Newly emerged Virginia Bluebells lined the trail to the bank of the Goose Creek where Stream Team volunteers conducted a benthic macroinvertebrate survey on March 19. The team consisted of Friends of Confluence Park members Jack McNamee and Harrison Crecraft, Riverside High School Environmental Club sponsor Lisa Klug and sophomore Audrey Bowling, and Stream Team Coordinator Amy Ulland.
Three collection nets yielded a wide variety of macros, including pollution-sensitive stoneflies, mayflies, and hellgrammites, as well as pollution-tolerant worms and midges. The team also observed quite a few emerging adult midges and a black fly pupa.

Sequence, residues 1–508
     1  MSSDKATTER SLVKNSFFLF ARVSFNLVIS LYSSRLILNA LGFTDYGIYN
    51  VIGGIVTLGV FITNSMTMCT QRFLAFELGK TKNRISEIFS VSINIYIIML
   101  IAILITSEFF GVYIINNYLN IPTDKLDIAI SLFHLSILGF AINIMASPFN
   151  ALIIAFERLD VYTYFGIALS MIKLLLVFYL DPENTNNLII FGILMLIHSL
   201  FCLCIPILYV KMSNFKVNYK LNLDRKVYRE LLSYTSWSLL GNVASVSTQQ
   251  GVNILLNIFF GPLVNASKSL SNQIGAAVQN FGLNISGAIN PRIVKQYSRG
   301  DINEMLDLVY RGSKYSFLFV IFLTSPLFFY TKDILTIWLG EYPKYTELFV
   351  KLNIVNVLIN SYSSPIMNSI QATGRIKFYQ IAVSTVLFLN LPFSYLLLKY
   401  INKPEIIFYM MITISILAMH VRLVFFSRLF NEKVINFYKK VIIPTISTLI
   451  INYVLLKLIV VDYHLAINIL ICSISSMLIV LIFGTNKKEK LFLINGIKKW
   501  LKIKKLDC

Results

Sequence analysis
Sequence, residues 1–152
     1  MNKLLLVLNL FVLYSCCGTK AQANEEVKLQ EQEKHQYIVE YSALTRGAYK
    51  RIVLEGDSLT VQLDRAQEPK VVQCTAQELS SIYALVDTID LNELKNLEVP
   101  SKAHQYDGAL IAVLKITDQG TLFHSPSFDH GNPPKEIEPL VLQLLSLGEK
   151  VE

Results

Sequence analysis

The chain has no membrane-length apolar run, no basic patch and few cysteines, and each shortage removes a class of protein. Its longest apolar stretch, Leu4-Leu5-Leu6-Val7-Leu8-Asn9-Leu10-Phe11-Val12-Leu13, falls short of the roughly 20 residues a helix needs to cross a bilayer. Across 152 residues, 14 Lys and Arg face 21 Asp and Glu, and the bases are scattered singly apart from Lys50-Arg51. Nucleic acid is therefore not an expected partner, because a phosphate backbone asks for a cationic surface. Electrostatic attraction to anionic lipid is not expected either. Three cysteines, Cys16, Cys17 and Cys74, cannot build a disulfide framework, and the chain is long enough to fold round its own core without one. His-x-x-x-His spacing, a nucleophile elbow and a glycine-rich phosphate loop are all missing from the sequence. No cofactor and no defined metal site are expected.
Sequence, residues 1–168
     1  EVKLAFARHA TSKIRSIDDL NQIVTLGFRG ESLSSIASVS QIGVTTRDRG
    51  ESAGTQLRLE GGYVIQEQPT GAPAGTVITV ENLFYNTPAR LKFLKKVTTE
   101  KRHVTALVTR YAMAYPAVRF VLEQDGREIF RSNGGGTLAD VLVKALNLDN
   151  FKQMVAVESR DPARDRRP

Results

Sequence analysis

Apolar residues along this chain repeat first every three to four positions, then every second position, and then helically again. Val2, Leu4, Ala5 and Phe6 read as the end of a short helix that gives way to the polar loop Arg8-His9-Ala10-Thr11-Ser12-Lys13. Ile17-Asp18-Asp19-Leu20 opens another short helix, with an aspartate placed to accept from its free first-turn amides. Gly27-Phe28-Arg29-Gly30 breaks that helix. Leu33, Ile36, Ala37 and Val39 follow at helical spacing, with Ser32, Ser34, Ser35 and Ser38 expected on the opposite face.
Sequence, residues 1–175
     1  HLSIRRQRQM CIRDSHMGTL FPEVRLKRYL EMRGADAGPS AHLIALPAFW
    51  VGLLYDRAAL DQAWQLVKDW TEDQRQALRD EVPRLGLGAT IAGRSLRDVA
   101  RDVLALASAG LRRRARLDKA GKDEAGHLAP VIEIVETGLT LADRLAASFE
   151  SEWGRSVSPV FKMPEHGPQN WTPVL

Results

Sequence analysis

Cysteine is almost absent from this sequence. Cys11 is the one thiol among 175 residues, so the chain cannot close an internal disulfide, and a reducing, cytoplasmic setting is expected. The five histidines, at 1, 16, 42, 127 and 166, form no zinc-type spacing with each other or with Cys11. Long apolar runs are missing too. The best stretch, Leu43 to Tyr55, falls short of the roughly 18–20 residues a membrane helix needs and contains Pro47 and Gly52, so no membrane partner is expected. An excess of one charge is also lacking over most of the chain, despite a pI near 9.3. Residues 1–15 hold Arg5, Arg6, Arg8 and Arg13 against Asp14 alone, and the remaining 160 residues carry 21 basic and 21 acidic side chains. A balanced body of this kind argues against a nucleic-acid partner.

The hair-like extensions from the top of the black fly pupa are actually gills, used to absorb dissolved oxygen from the water. The pupa is encased in a silk cocoon attached to vegetation for other objects in the stream. The adult fly emerges from this case through a slit and floats to the surface of the water on an air bubble.
The stream received a score of 7 out of 12 indicating unacceptable ecological conditions. You can see all stream scores for the Goose Creek site on the site page.